Vanderbilt Journal of Transnational Law


Dale B. Furnish

First Page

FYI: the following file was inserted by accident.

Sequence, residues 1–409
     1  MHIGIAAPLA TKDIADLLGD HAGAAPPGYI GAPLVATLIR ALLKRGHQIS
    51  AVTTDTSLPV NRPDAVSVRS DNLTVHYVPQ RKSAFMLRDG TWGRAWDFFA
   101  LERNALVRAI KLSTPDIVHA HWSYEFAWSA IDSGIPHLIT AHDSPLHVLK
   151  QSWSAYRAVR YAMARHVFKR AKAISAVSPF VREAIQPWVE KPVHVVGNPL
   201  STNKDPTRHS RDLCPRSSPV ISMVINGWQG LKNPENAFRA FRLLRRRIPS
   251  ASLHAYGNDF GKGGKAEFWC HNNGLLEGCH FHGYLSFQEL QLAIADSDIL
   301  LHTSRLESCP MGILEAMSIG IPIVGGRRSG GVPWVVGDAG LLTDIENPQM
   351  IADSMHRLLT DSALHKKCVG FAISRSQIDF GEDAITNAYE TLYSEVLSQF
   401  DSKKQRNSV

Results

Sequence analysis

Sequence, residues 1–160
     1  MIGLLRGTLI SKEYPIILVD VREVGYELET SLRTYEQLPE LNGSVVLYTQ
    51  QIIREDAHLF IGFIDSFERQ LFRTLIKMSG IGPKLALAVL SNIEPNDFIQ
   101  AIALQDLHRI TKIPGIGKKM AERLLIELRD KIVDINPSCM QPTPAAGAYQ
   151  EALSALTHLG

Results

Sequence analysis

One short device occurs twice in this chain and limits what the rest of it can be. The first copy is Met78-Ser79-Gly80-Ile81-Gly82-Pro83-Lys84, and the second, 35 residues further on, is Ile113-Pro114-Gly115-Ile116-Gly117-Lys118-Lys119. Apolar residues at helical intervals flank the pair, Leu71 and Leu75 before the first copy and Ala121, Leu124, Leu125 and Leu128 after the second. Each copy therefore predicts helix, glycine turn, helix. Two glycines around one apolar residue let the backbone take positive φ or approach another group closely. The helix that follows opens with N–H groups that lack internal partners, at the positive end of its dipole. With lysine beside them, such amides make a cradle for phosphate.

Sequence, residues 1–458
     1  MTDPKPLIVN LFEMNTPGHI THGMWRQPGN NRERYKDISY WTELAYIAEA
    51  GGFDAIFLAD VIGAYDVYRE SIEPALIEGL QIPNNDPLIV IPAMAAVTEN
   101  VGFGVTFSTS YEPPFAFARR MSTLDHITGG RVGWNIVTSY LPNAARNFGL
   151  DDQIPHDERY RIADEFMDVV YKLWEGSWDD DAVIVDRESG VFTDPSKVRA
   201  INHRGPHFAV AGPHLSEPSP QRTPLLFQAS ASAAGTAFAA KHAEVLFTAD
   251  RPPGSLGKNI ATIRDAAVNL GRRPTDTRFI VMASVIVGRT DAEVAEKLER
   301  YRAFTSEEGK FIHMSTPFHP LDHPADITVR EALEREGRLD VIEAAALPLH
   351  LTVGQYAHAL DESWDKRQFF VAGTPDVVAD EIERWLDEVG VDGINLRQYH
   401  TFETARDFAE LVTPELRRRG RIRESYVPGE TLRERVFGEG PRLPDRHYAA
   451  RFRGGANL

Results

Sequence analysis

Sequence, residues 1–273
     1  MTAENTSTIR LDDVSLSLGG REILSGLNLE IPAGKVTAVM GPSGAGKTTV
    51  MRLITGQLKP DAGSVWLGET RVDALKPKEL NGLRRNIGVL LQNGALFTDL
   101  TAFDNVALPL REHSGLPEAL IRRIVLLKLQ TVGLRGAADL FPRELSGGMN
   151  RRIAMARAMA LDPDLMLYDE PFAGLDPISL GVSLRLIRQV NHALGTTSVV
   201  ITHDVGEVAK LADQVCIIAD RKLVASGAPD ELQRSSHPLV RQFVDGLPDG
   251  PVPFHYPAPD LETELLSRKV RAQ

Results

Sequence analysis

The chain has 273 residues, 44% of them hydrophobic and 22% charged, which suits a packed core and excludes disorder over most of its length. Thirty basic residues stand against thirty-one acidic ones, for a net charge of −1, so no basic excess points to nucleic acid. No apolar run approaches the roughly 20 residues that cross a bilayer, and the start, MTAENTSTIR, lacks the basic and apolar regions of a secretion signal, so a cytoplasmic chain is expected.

The ACM's Common Regime of Treatment of Foreign Capital seems to be a well-balanced set of rules representing an ambitious attempt at reconciling national and regional development interests with the need for foreign capital and technology on terms equitable and remunerative to those who supply them. As in the case of virtually every piece of development legislation based heavily on economic theory and aimed at wholesale change of an existing situation, the Common Regime has plunged into largely uncharted areas in which its ultimate effects are impossible to predict. It is not, however, a "lyrical" piece of drafting. Because it is serious and because so many other countries will observe its effects, it is extremely important. What Latin America and the Third World do about foreign investment in the future may likely be better measured by observation of the Common Regime and its application than by any other measure available. The Common Regime is almost certainly not so bad as some United States business interests would paint it; likewise, it is almost certainly not so definitive an answer to the problems it contemplates as its drafters, ACM interests, and other defenders might wish. This is all good theater, not unfamiliar to even casual observers of the breast-beating that goes on in inter-American relations. It is worth noting, however, that the Common Regime is, more than perhaps anything else, an invitation to all the participants--domestic and foreign, public and private--in the ACM economies to reason together and forge a mutually beneficial modus vivendi built on disclosure and common concern.